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Supreme Court halts Wake year-round plans

The state Supreme Court issued an order Thursday that prevents the Wake County school system from assigning students to year-round schools without parental consent until the high scourt decides if it will hear arguments in the matter.

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RALEIGH, N.C. — The state Supreme Court issued an order Thursday that prevents the Wake County school system from assigning students to year-round schools without parental consent.

The state Court of Appeals had ruled two weeks ago that the district didn't need parental consent to send students to schools converted to year-round calendars. The stay issued Thursday blocks the district from acting on that ruling until the high court decides whether to review the case.

School Superintendent Del Burns said he was unaware of the court's action and couldn't immediately comment on it.

School board Chairwoman Rosa Gill said the district would once again use consent forms to determine year-round assignments until the case is resolved.

"We have to do what we have to do. I don't think we're going to change our focus on teaching and learning, no matter what factors come into play," Gill said.

The district's attorneys were reviewing the Supreme Court's order Thursday evening and will advise the school board how to proceed, spokesman Michael Evans said.

A parents' group called WakeCARES sued the district last year over its plans to convert 22 elementary and middle schools from traditional schedules to year-round calendars. They contended the district didn't have the authority to mandate attendance at year-round schools and said the new schedule would disrupt the lives of hundreds of families.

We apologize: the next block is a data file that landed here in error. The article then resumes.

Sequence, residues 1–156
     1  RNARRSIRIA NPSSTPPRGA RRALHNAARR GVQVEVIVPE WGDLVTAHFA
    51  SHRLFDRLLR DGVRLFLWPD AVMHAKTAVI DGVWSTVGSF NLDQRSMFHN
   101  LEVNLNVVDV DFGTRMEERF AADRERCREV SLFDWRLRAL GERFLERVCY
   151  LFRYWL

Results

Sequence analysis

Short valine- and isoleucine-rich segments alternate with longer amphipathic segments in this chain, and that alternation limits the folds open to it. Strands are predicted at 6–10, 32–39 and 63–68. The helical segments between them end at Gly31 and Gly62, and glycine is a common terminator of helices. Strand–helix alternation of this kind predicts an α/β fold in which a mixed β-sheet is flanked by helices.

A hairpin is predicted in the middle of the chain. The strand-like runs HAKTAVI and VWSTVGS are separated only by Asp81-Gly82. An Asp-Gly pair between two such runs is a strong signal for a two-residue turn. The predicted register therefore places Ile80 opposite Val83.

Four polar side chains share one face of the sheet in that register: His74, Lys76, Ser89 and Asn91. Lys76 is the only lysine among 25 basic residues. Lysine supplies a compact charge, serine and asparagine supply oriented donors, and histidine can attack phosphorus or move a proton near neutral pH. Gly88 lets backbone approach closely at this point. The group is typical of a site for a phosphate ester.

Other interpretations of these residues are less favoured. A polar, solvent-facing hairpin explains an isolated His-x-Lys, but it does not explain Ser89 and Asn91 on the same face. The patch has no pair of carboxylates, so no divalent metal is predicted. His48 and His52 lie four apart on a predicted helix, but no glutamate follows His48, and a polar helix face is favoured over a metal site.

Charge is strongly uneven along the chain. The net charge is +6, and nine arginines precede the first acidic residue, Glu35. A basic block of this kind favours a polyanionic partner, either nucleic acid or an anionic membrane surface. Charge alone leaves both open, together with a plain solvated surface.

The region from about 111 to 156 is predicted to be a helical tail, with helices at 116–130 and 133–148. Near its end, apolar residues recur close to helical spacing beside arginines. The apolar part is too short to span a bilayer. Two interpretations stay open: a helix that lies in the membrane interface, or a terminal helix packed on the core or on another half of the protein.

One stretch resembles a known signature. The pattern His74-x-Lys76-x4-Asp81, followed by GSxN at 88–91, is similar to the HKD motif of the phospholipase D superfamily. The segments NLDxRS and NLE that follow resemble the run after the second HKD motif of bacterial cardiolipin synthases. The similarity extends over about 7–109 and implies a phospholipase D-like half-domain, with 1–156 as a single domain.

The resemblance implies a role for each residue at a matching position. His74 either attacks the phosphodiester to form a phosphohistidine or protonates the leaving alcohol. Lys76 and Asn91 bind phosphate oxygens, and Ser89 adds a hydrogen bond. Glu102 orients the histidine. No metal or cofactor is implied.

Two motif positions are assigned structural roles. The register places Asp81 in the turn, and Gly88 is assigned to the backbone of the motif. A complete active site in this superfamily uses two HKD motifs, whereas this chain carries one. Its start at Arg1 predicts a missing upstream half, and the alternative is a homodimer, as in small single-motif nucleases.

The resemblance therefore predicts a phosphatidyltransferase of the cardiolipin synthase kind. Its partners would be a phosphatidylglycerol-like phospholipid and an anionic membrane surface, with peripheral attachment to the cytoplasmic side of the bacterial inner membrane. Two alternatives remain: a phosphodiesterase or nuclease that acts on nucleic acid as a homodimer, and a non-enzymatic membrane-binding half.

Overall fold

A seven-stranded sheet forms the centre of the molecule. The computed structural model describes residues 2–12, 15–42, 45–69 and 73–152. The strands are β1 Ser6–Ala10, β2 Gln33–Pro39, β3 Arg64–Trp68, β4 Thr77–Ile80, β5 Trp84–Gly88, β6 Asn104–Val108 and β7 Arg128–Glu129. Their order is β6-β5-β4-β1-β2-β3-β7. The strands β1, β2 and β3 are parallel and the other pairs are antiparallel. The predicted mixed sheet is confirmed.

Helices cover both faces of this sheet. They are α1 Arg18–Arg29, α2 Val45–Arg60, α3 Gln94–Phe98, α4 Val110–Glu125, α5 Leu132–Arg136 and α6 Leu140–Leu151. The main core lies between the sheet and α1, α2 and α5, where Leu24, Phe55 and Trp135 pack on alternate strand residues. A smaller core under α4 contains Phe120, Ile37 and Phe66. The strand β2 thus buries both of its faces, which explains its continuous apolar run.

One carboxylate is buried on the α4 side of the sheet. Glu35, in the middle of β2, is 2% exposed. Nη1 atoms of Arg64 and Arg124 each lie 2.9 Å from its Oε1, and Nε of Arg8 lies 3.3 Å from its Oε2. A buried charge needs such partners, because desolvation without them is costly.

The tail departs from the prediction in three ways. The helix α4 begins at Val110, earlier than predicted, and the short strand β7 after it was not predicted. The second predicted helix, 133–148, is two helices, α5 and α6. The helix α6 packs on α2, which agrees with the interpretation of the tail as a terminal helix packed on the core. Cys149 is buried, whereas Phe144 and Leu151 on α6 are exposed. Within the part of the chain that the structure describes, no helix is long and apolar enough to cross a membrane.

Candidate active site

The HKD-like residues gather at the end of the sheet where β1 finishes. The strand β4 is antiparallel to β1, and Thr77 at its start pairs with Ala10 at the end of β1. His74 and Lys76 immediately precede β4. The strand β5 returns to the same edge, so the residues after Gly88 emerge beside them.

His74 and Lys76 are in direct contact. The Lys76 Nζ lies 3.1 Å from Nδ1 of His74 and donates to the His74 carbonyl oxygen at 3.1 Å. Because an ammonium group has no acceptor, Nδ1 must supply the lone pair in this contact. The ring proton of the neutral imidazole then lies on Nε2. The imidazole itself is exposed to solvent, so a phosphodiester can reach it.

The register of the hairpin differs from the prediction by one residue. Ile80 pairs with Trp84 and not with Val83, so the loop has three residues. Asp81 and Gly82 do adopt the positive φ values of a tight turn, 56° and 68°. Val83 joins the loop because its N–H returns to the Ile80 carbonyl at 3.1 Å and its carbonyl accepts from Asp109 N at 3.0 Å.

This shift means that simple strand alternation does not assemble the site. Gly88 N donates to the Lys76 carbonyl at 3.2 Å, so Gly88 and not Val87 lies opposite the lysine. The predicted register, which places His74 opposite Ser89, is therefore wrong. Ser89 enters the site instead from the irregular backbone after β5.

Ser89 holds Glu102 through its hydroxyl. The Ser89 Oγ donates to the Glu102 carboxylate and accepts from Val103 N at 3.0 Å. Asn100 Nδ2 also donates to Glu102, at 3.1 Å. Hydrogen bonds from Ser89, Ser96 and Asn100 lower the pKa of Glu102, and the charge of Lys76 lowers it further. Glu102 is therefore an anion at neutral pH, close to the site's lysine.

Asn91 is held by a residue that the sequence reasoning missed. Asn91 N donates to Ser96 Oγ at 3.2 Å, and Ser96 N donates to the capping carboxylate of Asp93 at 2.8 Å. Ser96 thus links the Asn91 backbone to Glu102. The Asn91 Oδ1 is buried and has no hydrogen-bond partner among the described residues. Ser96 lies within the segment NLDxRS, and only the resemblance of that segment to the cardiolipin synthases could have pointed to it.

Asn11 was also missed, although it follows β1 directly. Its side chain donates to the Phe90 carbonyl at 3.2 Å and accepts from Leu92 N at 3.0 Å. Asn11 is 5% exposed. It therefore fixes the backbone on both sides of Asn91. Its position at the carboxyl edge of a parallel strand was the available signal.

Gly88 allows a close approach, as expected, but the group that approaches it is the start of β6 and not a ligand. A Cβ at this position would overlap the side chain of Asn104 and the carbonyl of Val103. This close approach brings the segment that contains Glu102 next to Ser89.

District administrators maintain they needed to operate more schools on year-round calendars to accommodate growing enrollments. The rotating schedules of students at year-round schools mean that each school can handle about 25 percent more students than it would accommodate on a traditional calendar.

Superior Court Judge Howard Manning sided with the parents last May, saying the district needed the consent of parents before assigning any student to a year-round school.

The district proceeded to convert the schools, but hundreds of families opted out of going to them and were assigned to traditional schools for the 2007-08 year, leaving some schools under-enrolled and others extremely overcrowded.

The appeals court overturned Manning's ruling, saying state law doesn't preclude a school district from assigning students to year-round schools.

Despite that ruling, the school board voted to leave the student assignment plan for 2008-09 in place. However, students registering after June 1 or not returning a consent letter by that date would be assigned to a year-round school under the board's plan.

"A stay and writ will require that the parental notification will continue in compliance with Judge Manning's order. The continuance of this process will have the effect of quantifying the number of parents who desire a traditional school assignment for their children for the next school year," Robert Hunter, the attorney for WakeCARES, wrote in a motion requesting the stay. "A stay ... will also continue to secure the constitutional rights of parents to direct their children's education against invidious actions by the board."

Dawn Graff, one of the founders of WakeCARES, said the group was pleased by the stay.

"It gives parents more time to opt out under Judge Manning's ruling. We are cautiously optimistic regarding the Supreme Court hearing the case," Graff said.


Dan Bowens, Reporter
Greg Hutchinson, Photographer
Matthew Burns, Web Editor

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